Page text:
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Innovative health talent development program receives $19M in funding

Professor Darius Rackus co-directs a new training hub to help Canada prepare for emerging health threats
May 06, 2024
Headshot of Professor Darius Rackus

TMU Faculty of Science professor Darius Rackus is one of the co-directors of the Biomanufacturing Hub Network (BioHubNet), which will provide training for highly skilled workers to bolster Canada’s biomanufacturing sector.

An immersive talent development program co-led by Toronto Metropolitan University (TMU) has received $19 million in federal funding to prepare Canada's health workforce to prevent and respond to future health challenges.

TMU Faculty of Science professor Darius Rackus is leading the Biomanufacturing Hub Network (BioHubNet) program with director Molly Shoichet and co-director Gilbert Walker, both professors at the University of Toronto. The program is funded by the Canada Biomedical Research Fund (CBRF), which aims to increase Canada’s ability to produce life-saving vaccines and therapeutics.

The program builds upon TMU’s excellence in talent accelerator programs that help students complement their academic knowledge and skills with industry-required skills, preparing Canada’s health workforce for the future. “I’m passionate about bringing what we’ve already developed here at TMU to the program,” said professor Rackus. “BioHubNet is a very comprehensive program targeting different industry-identified problems related to training that will help grow and expand Canada's biomanufacturing sector.”

BioHubNet will provide critical, cutting-edge, hands-on training to graduate students, postdoctoral fellows and others who are ready to transition to industry. According to a  (PDF file) 2021 national report (external link, opens in new window)  from BioTalent Canada, the country’s biomanufacturing sector is predicted to face severe workforce shortages in the coming years.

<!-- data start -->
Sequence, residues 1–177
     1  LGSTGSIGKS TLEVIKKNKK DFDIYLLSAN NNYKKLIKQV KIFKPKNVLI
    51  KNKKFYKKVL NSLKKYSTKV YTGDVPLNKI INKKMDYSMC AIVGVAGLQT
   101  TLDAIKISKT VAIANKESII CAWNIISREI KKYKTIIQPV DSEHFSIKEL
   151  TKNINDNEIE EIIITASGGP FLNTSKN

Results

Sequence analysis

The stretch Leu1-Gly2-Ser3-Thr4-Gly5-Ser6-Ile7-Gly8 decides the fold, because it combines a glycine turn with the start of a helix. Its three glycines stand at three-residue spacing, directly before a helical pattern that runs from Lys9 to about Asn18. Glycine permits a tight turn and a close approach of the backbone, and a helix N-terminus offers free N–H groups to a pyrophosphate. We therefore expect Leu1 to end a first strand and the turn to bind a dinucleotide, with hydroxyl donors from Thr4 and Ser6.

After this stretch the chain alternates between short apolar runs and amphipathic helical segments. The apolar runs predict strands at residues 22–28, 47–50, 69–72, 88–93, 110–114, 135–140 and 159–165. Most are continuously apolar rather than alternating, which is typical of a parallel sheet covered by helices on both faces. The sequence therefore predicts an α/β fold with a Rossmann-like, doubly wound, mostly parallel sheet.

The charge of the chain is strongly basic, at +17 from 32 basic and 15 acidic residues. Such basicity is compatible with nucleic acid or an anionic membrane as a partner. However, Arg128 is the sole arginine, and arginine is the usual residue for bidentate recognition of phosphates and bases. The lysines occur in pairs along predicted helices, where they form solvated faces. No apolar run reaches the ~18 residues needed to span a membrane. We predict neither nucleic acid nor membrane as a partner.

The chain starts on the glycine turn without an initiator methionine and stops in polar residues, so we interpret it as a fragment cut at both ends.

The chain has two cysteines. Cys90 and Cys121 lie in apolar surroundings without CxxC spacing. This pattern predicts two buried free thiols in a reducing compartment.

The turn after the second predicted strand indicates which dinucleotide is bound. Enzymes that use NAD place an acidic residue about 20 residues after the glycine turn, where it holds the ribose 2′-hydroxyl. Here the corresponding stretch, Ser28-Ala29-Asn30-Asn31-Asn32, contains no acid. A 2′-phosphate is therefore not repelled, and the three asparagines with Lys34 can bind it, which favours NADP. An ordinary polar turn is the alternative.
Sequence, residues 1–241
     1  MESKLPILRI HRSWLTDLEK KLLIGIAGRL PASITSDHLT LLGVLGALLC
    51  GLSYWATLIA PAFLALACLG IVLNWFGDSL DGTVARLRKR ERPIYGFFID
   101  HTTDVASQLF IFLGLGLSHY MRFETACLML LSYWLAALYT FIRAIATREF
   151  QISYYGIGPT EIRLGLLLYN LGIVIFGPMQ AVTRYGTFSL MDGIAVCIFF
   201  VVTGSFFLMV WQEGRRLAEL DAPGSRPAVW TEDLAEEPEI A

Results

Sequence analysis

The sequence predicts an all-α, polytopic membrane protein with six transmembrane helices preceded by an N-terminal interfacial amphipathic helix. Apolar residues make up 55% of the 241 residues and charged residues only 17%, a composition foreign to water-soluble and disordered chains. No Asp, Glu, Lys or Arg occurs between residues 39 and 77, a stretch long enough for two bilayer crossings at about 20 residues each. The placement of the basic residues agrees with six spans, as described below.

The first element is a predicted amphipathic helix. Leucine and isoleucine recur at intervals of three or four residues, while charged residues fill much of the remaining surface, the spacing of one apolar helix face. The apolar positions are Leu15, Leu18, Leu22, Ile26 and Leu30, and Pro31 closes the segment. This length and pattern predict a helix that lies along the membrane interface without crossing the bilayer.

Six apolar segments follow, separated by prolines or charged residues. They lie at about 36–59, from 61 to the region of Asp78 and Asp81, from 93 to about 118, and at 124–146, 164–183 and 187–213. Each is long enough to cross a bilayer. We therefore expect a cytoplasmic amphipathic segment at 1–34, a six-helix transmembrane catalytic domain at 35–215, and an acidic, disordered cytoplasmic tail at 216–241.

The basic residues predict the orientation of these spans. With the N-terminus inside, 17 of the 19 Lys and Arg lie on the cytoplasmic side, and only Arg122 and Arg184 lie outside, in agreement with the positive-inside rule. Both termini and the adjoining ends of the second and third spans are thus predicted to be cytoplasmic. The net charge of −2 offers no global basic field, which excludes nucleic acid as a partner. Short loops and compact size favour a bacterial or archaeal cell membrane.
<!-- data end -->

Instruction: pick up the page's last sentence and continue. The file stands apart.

Over four years, the program will produce close to 1,000 highly skilled workers through microcredential courses and experiential learning opportunities, including industry internships and academic lab exchange placements, through its 26 academic, industry, hospital and not-for-profit partnerships. The program will equip entrepreneurs with skills and resources to accelerate the commercialization of research and intellectual property to ensure the sector’s growth. 

“BioHubNet is a unique and much-needed training program that reflects TMU’s leadership and excellence in providing hands-on, real-world and industry-relevant training. Thank you to the Government of Canada for their investment, which will bolster the biomanufacturing sector and ensure the future health and well-being of all Canadians,” said Steven N. Liss, TMU’s vice-president, research and innovation.”

BioHubNet seeks to create more equitable, inclusive participation in the biomanufacturing and life sciences sectors through intentional recruitment and active support for trainees from underrepresented groups. The program is designed for scalability, with many of the microcredential courses available online and travel funding built into the program to support in-person activities. Reciprocal exchanges and numerous partnerships will also give the next generation of health workers access to knowledge and skills across Canada.

“We're really excited about partnering with the different infrastructure that has been funded by the CBRF grants to help train more people to use that infrastructure,” said professor Rackus.

BioHubNet is one of four research programs endorsed by the University of Toronto-led Canadian Hub for Health Intelligence and Innovation in Infectious Diseases (HI³). HI³ was funded by the Canada Biomedical Research Fund (CBRF) in 2023 with a mandate to bolster Canada’s biomanufacturing capacity and readiness to respond to emerging health threats. 

HI³’s mission is to provide critical health intelligence data to guide the co-development of health threat surveillance platforms, next-generation precision interventions, and bioprocess technologies by the Hub’s more than 80 academic and industry partners while building a highly skilled workforce to support Canada’s growing biomanufacturing and life sciences sectors. 

Learn more about the Canada Biomedical Research Fund announcement. (external link, opens in new window) 

Learn more about the Canadian Hub for Health Intelligence and Innovation in Infectious Diseases (HI³ ). (external link, opens in new window) 

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TMU among partners at new national health research and innovation hub led by University of Toronto